Lemons History and Culinary Uses

Fresh Lemons

The lemon is a treasured citrus fruit, used in many dishes to enrich the flavor of the dish, or simply to give them a touch of class.
The lemon originated in the Far East (India and China). It grew in the wild, was then imported to Europe by the Greeks who used it for ornamental purposes and for perfuming linen. Found in the digs in Pompeii, a house named the "Orchard House" (Casa Del Frutteto), with frescoes on the walls illustrating various plants including the lemon.
In the West, lemons spread throughout the year 1000, when the Arabs brought it to Sicily. The first real lemon cultivation was established in Genoa in 15th century. The discovery that lemon juice prevented scurvy caused large quantities of lemons to always be present on merchant vessels, which caused the spread of lemons in Northern Europe.  Lemons were purchased like hotcakes and paid in gold.
The lemon was later introduced to the Americas when Christopher Columbus brought lemon seeds to Hispaniola on his voyages. Spanish conquest throughout the New World helped spread lemon seeds. It was mainly used as an ornamental plant and for medicinal purposes.  In the 19th century, lemons were increasingly planted in Florida and California. Today the largest producer of lemons is Indian, then Mexico and Argentina. Italy is in the top ten ranking.  

The lemon is over 95% water, does not contain fats or alcohol. It is rich in potassium, vitamin C and foliate.
There is a variety of lemons used for various culinary purposes. The Eureka or Lisbon lemons grow year-round therefore are most abundant and easily found in all supermarkets. These lemons are most commonly used in recipes.  Coarse lemons, that are thick-skinned have less juice, therefore can be used to make lemon skin marmalade and sugar lemon strips.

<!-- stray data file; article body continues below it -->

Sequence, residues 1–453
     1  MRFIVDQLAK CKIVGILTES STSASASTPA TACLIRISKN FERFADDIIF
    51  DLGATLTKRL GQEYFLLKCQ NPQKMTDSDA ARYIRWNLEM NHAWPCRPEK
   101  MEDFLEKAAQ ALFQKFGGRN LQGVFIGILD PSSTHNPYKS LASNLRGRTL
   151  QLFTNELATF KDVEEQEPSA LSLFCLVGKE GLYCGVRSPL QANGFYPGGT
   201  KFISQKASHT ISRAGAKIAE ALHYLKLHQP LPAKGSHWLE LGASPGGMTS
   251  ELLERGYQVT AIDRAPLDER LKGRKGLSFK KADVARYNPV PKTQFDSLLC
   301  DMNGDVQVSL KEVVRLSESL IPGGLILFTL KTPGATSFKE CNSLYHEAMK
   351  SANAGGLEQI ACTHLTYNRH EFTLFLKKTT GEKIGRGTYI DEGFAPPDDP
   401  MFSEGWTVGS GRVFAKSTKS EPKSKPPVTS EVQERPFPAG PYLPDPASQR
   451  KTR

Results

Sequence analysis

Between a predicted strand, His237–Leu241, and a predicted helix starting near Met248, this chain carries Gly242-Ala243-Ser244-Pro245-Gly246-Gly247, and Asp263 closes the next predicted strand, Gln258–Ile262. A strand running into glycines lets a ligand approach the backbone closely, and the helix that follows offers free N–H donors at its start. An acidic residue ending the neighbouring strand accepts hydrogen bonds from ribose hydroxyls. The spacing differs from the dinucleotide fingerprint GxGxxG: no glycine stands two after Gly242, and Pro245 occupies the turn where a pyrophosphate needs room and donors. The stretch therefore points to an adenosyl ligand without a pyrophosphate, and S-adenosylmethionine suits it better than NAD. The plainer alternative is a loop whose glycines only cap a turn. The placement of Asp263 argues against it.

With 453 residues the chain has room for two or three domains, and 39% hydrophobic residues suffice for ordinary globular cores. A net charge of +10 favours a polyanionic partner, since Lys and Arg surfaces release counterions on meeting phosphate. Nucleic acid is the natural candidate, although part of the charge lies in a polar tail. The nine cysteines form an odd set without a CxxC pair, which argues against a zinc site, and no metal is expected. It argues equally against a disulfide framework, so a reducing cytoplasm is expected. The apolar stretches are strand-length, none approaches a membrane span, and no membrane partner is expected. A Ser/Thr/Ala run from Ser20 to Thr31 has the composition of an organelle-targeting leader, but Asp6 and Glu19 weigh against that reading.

Choosing lemons - Choose smooth-skinned lemons that are heavy for their size. The skin should have a fine grain and a bright yellow color. If there’s any streaks of green on the skin that usually means higher acidity. Avoid lemons that feel soft or spongy with skin that looks or feels wrinkled.
Lemon zest and rind gives flavor to cakes, cookies, scones, preparations of vegetables, salads, meat, fish or seafood.  Its skin, which is very aromatic, is often included as an ingredient to prepare many savory and sweet dishes, as long as only the yellow part is used and not the white which can be bitter and unpleasant.
Lemon juice is used as a marinade for dark meat or game because it can remove that classic wild flavor not everyone likes. It can be used to prevent some vegetables and fruits from oxidizing. Lemon juice is widely used in fruit salads, and to make lemonade, or flavor tea. Lemon juice is also used as a short-term preservative on certain foods that tend to oxidize and turn brown after being sliced, such as apples, pears, bananas and avocados.

Limoncello, made from Femminello,  St. Teresa, or Sorrento lemons is native to Italy. These lemons skins are used because of the high oil content. Limoncello is a time-honored drink of southern Italy:  a lemon liqueur usually served at the end of the meal. Today it can also be used in cooking desserts, preparing chicken or seafood dishes.

Chef Tips:   Buying Organic is always best. Substitute fresh lemons instead of vinegar or salt in recipes. When buying fresh lemons, store in refrigerator for less than a week. If not used over a week, place whole lemons in freezer bags and freeze. Always rinse lemons before using. If zesting, pat dry before use. Instead of bottled salad dressing, use fresh lemon and extra olive oil with dressing.

Recipes to use lemon zest: pie crust, cakes, cookies, cheesecakes, fruit pies, muffins, pasta dishes, risotto, soups, couscous, tabouleh, roasted vegetables, and marmalades.

Recipes to use lemon juice: in place of salad dressing, marinade for fish, chicken, or lamb, in tea, cocktails, in hummus, couscous, lemon tart, tagines, scaloppini, ceviche, Carpaccio, grilled fish and meats, yogurt sauces, fresh squeezed on grilled meats, fish or seafood.



No comments:

Post a Comment